iNACOL's Chris Sturgis recently blogged about the organization's efforts to define a framework of competencies for implementers of competency-based education and a system of training and "badges". This is important work at a time when state and local policy makers are re-examining "seat-time" requirements and opening doors to competency-based alternatives, when schools are piloting new competency-based models, and when new post-secondary delivery models are emerging, such as that of Southern New Hampshire University's College for America.
Education leaders face significant challenges in transforming the culture and work processes within existing organizations, and in collaboration with external entities, to successfully implement competency-based models. iNACOL is asking what competencies education leaders need to successfully transition their organization, and then to successfully manage the competency-based delivery model.
For educators, competency-based delivery requires professional practices that are different from what has worked in seat-time-oriented instructional models. What competencies are needed by educators to facilitate competency education, and what training is needed?
My suggested approach is to start with an understanding of the process models for competency-based education and the work functions within those models. How do schools that have successfully implemented competency-based education do it? What does the process look like? What are the inputs and outputs of the process? What are the critical work functions and process steps within the model?
One reason why I think it is important to break down the work elements as functions within a process is because emerging blended and online learning models distribute the work of teaching and learning in new ways. In the past, we could define the set of teacher competencies needed to teach within a subject area or grade range. The assumption was that a classroom teacher would be for the most part an independent practitioner within the classroom, having full responsibility for the many teaching functions. Emerging models allow for and require more collaboration and specialization, instead of one role, the professional roles vary by model and implementation specifics. Greater professional specialization and differentiation of educator roles is not only a key to success for some competency-based instructional models, but is also providing new opportunities for educators that can result in higher levels of job satisfaction and compensation. Information systems also change the nature of the work, e.g. reducing the burden of manually tracking individual learner progress. The competencies required by educators may also vary based on the information systems used.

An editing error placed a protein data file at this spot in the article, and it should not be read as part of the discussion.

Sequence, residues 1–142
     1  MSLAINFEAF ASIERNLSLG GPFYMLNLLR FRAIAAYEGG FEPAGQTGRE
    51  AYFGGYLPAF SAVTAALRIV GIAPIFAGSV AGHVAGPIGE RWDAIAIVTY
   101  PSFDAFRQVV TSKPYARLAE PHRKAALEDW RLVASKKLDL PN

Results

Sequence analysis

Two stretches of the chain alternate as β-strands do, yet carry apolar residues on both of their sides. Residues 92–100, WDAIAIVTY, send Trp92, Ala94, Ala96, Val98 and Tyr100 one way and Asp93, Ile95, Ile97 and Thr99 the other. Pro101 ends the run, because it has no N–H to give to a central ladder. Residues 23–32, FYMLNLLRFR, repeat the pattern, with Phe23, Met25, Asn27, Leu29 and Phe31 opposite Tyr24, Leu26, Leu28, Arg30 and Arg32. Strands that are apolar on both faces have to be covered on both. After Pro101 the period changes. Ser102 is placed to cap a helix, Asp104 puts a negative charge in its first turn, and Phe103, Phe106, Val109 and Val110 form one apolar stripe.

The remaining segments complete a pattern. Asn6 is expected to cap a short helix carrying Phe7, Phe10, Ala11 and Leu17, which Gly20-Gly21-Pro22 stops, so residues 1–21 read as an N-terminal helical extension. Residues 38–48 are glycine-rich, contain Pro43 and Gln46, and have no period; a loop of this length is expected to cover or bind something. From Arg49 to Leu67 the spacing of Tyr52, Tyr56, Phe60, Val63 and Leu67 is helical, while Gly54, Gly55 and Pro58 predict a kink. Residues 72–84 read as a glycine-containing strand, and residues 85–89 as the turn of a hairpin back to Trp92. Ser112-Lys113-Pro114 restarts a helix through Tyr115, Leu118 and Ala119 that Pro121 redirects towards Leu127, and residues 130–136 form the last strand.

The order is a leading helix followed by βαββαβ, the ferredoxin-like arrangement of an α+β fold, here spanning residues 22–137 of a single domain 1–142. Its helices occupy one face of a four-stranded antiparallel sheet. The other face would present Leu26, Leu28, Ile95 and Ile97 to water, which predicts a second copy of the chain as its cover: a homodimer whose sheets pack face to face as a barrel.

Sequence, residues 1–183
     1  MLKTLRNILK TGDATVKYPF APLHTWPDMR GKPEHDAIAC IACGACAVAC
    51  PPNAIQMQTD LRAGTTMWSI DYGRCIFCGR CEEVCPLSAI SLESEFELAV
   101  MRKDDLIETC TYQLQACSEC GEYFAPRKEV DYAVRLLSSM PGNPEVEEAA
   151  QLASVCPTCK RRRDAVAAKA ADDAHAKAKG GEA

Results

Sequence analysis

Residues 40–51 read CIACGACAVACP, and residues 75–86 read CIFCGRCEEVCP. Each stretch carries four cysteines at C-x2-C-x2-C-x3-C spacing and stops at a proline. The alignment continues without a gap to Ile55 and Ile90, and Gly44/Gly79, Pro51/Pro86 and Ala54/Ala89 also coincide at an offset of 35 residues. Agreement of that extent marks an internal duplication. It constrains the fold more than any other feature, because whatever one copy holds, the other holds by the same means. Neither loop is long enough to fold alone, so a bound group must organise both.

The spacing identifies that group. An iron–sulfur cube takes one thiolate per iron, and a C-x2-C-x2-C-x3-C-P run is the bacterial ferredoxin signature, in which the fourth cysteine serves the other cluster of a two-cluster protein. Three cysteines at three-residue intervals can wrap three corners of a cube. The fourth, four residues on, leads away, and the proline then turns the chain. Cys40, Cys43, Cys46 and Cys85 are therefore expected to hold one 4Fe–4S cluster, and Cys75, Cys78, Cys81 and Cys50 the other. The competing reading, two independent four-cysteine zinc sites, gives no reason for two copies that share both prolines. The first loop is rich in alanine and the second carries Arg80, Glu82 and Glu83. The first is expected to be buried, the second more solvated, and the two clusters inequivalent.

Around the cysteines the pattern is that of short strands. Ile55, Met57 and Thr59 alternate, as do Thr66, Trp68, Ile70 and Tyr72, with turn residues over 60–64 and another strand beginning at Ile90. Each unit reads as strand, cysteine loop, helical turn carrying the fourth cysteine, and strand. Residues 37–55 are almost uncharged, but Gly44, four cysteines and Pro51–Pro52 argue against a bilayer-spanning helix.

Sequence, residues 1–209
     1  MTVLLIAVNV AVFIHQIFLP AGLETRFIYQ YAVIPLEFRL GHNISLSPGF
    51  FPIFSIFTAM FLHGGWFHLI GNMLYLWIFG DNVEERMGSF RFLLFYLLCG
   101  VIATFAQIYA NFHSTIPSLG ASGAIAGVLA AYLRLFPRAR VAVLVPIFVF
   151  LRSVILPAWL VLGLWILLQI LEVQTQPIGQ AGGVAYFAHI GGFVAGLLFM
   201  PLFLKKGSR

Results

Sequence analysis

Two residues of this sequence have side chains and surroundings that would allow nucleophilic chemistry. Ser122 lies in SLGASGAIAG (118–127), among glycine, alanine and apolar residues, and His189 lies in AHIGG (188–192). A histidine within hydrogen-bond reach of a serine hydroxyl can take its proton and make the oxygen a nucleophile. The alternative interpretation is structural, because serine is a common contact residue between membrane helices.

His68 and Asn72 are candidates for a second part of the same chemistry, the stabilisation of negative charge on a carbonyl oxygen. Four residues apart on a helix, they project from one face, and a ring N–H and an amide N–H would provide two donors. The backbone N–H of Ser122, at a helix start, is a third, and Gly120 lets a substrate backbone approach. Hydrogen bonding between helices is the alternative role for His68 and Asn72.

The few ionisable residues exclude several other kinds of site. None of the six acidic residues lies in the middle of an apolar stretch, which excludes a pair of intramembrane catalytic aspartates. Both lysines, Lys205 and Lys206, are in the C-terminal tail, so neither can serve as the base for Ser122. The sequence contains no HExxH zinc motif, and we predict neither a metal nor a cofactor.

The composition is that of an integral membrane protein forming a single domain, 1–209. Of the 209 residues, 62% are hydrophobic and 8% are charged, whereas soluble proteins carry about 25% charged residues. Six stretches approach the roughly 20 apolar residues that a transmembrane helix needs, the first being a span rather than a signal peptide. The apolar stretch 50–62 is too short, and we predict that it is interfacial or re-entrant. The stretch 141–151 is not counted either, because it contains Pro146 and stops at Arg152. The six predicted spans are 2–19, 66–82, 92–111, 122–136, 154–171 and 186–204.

The process for delivering competency-based education has some work functions that are common regardless of the model or implementation environment, such as advance-upon-mastery-decision-making, diagnosing misunderstandings or skill deficiencies, making prescriptive recommendations, and delivering remedial instruction.
A good starting place for defining the "competencies for competency education" is to discover those work elements that are common across delivery models. A next step is to discover the skills, knowledge, and "habits of practice" needed to perform the work elements effectively. The resulting set of competencies, grouped by work elements, would provide a flexible framework. Each implementation may assign work elements differently to specialized jobs, taking into account the role of technology and implementation-specific factors, and then be able to reference the needed competencies for the person filling each job.